SARS battle shifts to rural China
By Willy Wo-Lap Lam, CNN Senior China Analyst
HONG KONG, China (CNN) -- Beijing has shifted the focus of fighting the SARS epidemic to the countryside, where medical facilities are poor or next to non-existent.
In a State Council meeting on combating severe acute respiratory syndrome (SARS) in rural areas, Premier Wen Jiabao said more attention and resources need to be paid to agrarian regions.
"[A] large-scale epidemic has not yet appeared in the countryside," the state media on Wednesday quoted Wen as saying. "Yet we need to pay high-level attention to [epidemic] prevention work in the villages."
Wen, who has staked his reputation as a "people's premier," said to contain the spread of SARS, city-based rural workers who have contracted the disease must be treated in urban hospitals -- and not sent home.
Moreover, SARS-stricken farmers need not pay for the expensive medical fees.
After the breakup of China's cradle-to-grave socialist health-care system in the 1990s, Chinese everywhere have to pay close to market prices for medical help.
The premier also mandated a "cadre responsibility system," whereby at least one top-level cadre in a county or district will be responsible for that area's anti-SARS work among peasants.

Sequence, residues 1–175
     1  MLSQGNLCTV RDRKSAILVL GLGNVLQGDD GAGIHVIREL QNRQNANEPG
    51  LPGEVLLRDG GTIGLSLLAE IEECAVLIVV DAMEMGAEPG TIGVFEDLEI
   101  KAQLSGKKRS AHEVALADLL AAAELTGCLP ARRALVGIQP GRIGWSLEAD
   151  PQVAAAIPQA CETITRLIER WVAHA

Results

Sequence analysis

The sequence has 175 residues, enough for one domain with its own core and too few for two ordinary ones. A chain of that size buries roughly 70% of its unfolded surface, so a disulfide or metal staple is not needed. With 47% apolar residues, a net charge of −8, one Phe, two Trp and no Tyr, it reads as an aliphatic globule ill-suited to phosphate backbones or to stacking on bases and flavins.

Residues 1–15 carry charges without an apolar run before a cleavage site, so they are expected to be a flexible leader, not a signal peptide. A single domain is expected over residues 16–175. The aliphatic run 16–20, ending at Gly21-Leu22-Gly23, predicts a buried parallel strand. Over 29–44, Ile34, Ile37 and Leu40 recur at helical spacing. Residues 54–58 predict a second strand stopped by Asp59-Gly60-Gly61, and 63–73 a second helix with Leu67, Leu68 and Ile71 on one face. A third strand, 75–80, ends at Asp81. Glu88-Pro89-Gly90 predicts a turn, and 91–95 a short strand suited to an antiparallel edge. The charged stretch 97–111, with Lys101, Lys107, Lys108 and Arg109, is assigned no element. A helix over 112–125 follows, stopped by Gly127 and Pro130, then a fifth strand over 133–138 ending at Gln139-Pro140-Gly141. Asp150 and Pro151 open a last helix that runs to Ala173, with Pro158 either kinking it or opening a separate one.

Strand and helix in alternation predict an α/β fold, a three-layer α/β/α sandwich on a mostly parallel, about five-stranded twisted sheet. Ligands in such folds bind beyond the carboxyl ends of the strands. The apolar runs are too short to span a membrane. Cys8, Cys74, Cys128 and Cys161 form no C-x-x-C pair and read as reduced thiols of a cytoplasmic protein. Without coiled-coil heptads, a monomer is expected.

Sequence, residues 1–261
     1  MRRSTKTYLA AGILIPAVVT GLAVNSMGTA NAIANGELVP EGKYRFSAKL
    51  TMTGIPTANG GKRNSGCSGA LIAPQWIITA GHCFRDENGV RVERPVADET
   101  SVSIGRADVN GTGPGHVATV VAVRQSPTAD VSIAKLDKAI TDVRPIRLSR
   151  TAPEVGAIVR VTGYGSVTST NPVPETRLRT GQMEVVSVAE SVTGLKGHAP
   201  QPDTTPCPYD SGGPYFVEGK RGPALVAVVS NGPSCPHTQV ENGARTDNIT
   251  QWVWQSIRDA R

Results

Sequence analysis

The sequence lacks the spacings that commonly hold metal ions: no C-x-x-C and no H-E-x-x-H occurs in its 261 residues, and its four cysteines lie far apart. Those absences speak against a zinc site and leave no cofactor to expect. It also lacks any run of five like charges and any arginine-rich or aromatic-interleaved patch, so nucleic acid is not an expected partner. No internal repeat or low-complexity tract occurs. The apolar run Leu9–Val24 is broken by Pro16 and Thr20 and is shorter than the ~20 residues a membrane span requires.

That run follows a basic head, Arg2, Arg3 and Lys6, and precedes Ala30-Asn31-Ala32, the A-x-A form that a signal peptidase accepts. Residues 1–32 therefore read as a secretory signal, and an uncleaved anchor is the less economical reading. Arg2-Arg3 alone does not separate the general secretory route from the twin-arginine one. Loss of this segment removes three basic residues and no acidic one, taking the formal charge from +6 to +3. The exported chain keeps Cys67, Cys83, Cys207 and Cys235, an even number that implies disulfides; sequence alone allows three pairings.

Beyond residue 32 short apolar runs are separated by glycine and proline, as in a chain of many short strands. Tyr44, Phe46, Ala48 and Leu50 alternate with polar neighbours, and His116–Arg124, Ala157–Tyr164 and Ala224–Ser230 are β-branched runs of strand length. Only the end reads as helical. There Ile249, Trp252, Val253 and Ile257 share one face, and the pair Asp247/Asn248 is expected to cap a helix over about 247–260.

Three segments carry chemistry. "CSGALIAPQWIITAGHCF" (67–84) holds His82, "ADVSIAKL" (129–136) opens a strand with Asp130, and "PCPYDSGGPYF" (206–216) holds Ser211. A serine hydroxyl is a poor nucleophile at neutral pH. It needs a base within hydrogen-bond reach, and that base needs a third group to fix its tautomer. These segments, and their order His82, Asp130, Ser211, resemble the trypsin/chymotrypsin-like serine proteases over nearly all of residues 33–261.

Since late March, the central government has committed 900 million yuan to finance SARS-related public health work in rural provinces in central and western China.
However, agrarian cadres in Beijing said medical facilities in the villages were rudimentary, and most rural areas could not afford the expensive equipment and medicine for treating the coronavirus-caused disease.
Tuesday's figures showed there were respectively 369, 251, and 113 SARS cases in the mainly rural provinces of Shanxi, Inner Mongolia, and Hebei provinces.
Meanwhile, the Ministry of Public Security has issued a nation-wide instruction against the erection of SARS-related road blocks by rural and urban residents.
To prevent the inflow of people from the infected cities and provinces such as Beijing, Guangdong and Shanxi, many cities and counties have arbitrarily set up barriers on highways and railroads.
Such activities, however, have hampered efforts by the central government to transport much needed medical personnel and supplies to the villages.
Inspectors from the transport division of the police have been dispatched to numerous provinces and cities to remedy the situation.